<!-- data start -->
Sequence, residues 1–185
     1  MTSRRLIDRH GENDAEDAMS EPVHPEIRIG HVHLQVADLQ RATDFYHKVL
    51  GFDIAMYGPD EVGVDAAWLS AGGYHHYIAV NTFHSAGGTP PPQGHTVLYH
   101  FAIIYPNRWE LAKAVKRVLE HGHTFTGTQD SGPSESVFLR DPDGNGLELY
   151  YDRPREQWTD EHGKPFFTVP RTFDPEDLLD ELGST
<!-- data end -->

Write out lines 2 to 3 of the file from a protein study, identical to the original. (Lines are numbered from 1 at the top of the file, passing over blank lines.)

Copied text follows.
     1  MTSRRLIDRH GENDAEDAMS EPVHPEIRIG HVHLQVADLQ RATDFYHKVL
    51  GFDIAMYGPD EVGVDAAWLS AGGYHHYIAV NTFHSAGGTP PPQGHTVLYH